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Stretching For Swimmers

Stretching For Swimmers

Stretching before a workout will do your body wonders with any physical activity. Although swimming is a low-impact sport, there is still risk to injury for those who hit the pool regularly. Having a good stretching routine to help improve your range of motion and your training longevity is beneficial. Whether swimming is a hobby or a full-time job, a few minutes of stretching can keep the body healthy.

 

Does Stretching Matter?

Many of us are already busy, thinking about daily tasks during our swim workout, so surely there’s no time to stretch?

A good training session should be focused. Making every rep count is a solid training mindset that works well in any competitive sport. If you are thinking that adding 10-15 minutes of stretching to your workout is a “waste of time”, this will cause a recipe for disaster. Try to think of stretching as a vital part of your swim workout routine. Simply put, stretching is as important as swimming.

Stretching regularly will keep your muscles lean, long, and flexible, helping to prevent injury. Unstretched and cold muscles are more likely to become injured. Injured muscles are not strong enough to support the joints, which can lead to joint injury. This is a much more serious injury that is harder to treat.

If you find your muscles are still tight and you are dealing with unwanted pain even after regular stretching, speak to your physician. 

 

Child’s Pose

1. Kneel on the floor with your knees together and your big toes touching each other.

2. Stretch your hands as far as you can across the mat.

3. Push your shoulders into the ground to feel the stretch.

This relaxing yoga stretch can help with back pain and shoulder pain, as it targets the lower back and shoulders. 

 

Tricep Extension

1. Take one arm and bend it down toward your back.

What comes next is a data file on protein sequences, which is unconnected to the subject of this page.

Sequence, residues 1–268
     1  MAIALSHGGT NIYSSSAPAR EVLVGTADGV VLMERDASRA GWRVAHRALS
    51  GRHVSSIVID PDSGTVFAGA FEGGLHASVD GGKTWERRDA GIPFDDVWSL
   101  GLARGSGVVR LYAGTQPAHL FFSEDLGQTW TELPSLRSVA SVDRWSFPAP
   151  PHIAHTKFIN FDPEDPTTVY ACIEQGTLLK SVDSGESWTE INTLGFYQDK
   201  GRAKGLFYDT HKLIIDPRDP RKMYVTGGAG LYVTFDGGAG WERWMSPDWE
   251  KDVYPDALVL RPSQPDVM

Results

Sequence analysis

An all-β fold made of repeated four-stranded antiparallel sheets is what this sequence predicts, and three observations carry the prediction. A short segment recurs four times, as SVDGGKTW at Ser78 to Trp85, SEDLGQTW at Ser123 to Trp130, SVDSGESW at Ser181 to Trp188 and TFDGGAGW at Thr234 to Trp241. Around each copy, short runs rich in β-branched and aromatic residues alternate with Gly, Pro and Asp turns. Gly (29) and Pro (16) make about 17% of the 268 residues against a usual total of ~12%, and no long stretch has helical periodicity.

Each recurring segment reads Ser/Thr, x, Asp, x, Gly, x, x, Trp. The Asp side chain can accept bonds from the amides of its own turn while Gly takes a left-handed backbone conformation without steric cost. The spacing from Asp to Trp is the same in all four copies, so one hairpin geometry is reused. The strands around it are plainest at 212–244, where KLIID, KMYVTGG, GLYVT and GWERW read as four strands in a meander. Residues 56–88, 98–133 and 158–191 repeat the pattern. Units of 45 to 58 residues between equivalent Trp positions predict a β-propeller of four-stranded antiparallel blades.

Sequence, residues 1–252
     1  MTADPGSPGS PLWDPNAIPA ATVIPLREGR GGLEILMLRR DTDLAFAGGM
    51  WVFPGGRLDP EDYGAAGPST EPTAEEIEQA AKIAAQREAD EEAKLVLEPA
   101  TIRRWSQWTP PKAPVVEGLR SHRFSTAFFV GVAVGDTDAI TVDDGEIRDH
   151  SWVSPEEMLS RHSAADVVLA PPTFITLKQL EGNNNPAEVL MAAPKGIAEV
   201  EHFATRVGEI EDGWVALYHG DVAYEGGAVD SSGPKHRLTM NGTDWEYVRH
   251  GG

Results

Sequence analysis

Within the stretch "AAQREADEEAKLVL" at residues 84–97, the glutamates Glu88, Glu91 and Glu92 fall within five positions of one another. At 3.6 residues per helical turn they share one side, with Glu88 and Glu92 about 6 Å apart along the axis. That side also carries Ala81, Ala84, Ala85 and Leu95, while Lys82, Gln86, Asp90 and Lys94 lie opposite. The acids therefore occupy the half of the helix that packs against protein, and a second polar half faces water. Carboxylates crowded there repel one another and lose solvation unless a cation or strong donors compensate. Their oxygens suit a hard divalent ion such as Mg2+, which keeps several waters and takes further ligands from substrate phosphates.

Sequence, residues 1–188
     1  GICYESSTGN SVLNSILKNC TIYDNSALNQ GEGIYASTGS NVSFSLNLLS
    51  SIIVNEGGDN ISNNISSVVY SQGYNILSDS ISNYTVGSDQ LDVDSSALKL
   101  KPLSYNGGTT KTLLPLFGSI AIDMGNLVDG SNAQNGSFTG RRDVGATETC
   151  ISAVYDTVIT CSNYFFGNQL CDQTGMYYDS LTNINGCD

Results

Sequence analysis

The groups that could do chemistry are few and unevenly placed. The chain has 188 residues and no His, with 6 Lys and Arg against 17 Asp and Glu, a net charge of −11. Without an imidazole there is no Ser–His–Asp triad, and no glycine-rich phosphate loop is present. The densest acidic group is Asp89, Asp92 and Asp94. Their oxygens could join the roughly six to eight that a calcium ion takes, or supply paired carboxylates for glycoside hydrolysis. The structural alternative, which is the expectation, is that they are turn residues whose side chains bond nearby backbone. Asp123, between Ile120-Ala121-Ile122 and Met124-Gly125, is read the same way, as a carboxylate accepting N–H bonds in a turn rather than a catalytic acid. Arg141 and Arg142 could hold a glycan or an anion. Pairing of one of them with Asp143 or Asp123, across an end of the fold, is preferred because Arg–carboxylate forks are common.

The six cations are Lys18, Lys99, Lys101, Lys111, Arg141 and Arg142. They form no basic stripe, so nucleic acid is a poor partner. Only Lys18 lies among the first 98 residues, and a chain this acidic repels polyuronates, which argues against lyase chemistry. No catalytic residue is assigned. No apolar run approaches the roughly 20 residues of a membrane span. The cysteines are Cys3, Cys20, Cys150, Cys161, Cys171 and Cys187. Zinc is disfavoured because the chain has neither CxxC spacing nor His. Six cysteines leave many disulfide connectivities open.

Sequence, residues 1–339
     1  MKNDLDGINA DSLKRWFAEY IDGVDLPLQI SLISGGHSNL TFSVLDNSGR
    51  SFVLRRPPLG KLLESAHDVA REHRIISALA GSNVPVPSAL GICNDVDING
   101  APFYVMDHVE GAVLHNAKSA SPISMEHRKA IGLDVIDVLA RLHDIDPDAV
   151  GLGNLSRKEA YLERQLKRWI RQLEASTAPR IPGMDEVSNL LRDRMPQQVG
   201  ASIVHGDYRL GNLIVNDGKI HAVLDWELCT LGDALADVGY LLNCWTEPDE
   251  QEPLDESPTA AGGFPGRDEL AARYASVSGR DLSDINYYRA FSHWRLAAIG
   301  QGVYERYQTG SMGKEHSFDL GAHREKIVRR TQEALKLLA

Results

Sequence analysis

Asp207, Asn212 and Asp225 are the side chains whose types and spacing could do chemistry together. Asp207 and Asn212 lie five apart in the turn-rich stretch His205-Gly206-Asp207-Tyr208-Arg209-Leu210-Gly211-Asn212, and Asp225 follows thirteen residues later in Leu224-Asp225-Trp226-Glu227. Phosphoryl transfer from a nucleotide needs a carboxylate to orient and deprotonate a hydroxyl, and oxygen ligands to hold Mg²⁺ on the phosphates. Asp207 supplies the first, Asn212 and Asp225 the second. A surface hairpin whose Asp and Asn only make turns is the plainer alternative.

2. Use the opposite arm to grab your elbow.

3. Pull down on your elbow to activate the stretch

The tricep extension is perfect for freestyle swimmers hoping to improve their freestyle catch. As with any isolation exercise, you will also inevitably activate other muscle groups.

 

Quadricep Pull

1. Stand up straight and bend your left leg at the knee.

2. Grab your left foot with one or both hands.

3. Pull your foot into your back.

4. Repeat with your right leg.

Competitive swimmers will have mastered this stretch over many years. For the beginners out there, don’t feel you have to use both hands to grab your foot. Feel free to grab something solid nearby with your other hand. 

 

Toe Touches

1. Stand straight, placing your feet together.

2. Bend down, attempting to touch your toes without bending your knees.

This classic hamstring stretch is always quick to reveal tight muscles. It’s a satisfying stretch over time. 

 

Cobra Pose

1. Put yourself in a high plank position.

2. Then, sink your hips into the floor, and push out your chest.

This pose puts quite a bit of strain on your wrists. To alleviate this, you can plank off your fists rather than your palms. he cobra pose stretches the spine and can even strengthen the muscles that support your head and neck.

 

Remember that stretching is just as important as the benefits you reap from your workout, such as strength gains and beating your PR. It’s all about longevity, so you can swim tomorrow and in 10 years from now.

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